Eindhoven University of Technology builds computer with living brain cells

In the BayesBrain project, engineers and biomedical researchers at Eindhoven University of Technology will build the world’s first computer that combines brain cells and silicon microchips.

Computers and the microchips that run these machines have brought us great prosperity. We google, app and stream our way around.

However, these computers also use a huge amount of energy, in the form of electricity. The calculations of these processors must be more economical, researchers at the Eindhoven University of Technology believed (together with many other research groups, see what we wrote about it earlier).

Low energy

They focus on the human brain, which has evolved into an organ that requires relatively little energy to solve complex calculations.

Under the name BayesBrain, they will now build a device where real human brain cells work together with a silicon-based computer. This brain-on-a-chip AI computer – it claims to be the world’s first – should be able to solve problems in real-time and in an energy-efficient way.

Brain cells are difficult to combine with silicon

It sounds quite ambitious because human brain cells are difficult to combine with silicon components. “Silicon is inorganic and a hard material. Brain cells do not like direct contact with this,’ says Regina Luttge, researcher in the Neuro-Nanoscale Engineering chair at Eindhoven University of Technology and one of the leaders of the project together with colleague Bert de Vries (Institute of Electrical Engineering).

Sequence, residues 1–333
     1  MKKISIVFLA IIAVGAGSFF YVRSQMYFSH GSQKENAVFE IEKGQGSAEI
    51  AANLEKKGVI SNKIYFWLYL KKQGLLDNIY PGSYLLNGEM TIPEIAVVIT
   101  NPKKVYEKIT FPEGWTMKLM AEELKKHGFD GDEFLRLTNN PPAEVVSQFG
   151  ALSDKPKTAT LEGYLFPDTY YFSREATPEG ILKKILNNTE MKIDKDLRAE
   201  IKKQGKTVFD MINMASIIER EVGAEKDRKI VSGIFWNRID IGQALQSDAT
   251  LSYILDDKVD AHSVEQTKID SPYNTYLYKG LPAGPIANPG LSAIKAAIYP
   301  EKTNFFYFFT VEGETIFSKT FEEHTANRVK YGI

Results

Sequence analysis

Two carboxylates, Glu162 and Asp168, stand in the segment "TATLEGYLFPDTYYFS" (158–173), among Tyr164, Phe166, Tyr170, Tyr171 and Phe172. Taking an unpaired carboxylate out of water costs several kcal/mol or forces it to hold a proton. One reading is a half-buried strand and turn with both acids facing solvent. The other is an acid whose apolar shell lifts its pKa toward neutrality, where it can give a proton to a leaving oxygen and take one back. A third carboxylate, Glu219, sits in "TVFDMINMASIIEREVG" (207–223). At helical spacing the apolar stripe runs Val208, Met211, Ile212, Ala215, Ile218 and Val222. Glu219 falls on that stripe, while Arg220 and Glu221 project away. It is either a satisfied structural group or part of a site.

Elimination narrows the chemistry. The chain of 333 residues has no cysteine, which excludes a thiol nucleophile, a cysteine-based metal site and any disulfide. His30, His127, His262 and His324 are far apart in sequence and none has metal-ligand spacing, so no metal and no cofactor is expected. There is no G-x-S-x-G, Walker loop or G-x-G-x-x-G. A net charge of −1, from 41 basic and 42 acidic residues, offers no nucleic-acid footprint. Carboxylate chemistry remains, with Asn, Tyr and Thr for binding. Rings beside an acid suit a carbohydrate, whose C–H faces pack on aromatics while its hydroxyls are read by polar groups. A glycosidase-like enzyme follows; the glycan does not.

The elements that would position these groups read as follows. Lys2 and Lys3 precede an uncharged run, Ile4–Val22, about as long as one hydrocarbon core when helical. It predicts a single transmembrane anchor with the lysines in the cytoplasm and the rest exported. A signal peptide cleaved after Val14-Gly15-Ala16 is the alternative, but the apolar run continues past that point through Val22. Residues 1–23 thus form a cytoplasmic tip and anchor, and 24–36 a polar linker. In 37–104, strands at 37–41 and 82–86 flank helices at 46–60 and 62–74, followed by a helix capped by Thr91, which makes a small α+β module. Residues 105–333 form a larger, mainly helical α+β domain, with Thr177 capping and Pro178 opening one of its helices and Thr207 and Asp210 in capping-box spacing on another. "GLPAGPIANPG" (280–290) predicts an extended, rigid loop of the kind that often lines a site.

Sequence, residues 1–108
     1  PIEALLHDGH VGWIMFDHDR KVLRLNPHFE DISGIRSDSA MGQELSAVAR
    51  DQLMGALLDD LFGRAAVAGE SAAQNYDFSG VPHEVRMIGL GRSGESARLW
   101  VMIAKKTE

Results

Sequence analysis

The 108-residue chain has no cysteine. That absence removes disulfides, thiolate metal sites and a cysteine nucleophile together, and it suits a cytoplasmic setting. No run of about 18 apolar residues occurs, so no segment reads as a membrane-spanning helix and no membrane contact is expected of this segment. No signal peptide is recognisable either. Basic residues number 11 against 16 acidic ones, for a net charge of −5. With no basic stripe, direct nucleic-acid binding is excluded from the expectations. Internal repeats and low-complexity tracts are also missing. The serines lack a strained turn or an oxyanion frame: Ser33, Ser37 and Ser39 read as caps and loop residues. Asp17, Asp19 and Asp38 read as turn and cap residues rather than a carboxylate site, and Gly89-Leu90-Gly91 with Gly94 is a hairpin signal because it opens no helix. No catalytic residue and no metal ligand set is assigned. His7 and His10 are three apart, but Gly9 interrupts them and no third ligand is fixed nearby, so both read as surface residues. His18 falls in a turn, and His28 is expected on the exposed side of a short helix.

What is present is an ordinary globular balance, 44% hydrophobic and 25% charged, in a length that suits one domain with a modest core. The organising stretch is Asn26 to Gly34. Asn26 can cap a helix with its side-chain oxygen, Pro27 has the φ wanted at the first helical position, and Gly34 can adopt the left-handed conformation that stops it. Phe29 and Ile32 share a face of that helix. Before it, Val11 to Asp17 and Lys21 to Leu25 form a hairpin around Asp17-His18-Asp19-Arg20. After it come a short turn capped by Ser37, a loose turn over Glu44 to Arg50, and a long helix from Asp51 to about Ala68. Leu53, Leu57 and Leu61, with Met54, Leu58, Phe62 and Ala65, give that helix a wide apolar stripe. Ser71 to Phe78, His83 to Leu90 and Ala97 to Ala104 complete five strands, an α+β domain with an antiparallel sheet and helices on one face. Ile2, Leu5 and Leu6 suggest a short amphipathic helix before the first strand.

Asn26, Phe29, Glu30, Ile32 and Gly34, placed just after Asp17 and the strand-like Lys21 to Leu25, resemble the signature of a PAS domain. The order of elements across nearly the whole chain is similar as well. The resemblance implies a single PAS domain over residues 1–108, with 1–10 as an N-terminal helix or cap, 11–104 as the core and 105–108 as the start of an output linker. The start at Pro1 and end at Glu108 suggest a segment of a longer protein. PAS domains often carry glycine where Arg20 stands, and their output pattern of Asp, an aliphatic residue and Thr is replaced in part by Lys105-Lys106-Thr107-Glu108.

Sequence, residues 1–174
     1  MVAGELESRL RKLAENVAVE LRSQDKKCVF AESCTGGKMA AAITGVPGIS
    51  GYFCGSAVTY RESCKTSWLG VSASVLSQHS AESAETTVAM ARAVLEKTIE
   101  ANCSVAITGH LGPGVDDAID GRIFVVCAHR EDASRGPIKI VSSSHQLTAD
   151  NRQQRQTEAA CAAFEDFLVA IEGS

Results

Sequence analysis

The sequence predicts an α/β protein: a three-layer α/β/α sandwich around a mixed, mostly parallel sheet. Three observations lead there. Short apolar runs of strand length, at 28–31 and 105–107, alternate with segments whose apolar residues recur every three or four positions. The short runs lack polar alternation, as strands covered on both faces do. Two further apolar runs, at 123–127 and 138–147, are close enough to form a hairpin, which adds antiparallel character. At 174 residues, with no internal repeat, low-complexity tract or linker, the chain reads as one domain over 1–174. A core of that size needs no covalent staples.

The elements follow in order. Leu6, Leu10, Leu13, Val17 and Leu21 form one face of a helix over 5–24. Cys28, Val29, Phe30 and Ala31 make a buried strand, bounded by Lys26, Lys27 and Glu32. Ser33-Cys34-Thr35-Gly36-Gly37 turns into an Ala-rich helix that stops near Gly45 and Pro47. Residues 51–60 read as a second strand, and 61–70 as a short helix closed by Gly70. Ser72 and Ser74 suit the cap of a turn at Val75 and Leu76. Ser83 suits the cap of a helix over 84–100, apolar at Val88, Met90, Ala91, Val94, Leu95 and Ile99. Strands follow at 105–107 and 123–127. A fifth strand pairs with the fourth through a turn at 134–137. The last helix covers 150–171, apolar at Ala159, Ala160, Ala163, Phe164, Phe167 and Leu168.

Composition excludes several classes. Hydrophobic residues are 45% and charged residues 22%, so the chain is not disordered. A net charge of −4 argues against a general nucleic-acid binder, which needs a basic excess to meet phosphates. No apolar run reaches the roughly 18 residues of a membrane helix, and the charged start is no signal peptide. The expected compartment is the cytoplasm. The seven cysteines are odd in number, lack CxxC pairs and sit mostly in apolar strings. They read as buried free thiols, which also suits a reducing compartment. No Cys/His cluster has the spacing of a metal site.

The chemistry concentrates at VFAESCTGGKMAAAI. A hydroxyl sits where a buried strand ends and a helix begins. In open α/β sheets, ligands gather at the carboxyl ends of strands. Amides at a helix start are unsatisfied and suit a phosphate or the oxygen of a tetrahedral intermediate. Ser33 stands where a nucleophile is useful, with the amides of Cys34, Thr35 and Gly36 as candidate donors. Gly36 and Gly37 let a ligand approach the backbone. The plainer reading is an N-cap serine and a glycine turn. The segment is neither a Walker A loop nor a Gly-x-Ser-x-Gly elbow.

Regina Luttge and Bert de Vries, who lead the BayesBrain project. Photo Bart van Overbeeke

To keep alive

The first step in the project is therefore to keep brain cells alive on a chip so that they can form a neural network of around a thousand brain cells. This brain-on-a-chip is then coupled to the silicon part of BayesBrain.

‘The idea is that an algorithm runs on the traditional computer part that performs a calculation. At a certain time, this algorithm sends a signal to the brain network. It performs an operation and then sends a signal back to the silicon,’ says Luttge.

Need a new language

Illustration TU/e

However, that still lies in the future, because the research must first show how the brain network will behave exactly. Luttge: ‘Perhaps the signal goes out, or the biological system will never come to rest. What is also possible is that something happens, but no meaningful signal comes back.’

In addition to the brand new hardware, some researchers on the team will also write the necessary new software. ‘The two separate systems will somehow start talking to each other and communicating. If the network of brain cells emits a certain signal, what does it mean? It requires a new language’, says Luttge.

Healthy network of brain cells

The project is a long-term project. In the short term, Luttge expects to be able to build a healthy, functioning three-dimensional network of brain cells on a microfluidic chip. It requires, for example, channels that supply water and nutrients, otherwise the cells would die. The right temperature and pressure are also necessary for the cells to flourish.

Simple calculations

In a few years, BayesBrain is expected to perform some simple calculations. ‘In the longer term, we hope that we can mathematically describe how our system works.’

This means that the research in Eindhoven could not only produce an energy-efficient computer, but also give biologists more insight into how the brain works.

The first PhD student within the BayesBrain project starts on 1 April.

Opening image Shutterstock

If you found this article interesting, you can subscribe to our weekly newsletter for free.

Print this article

Leave a Comment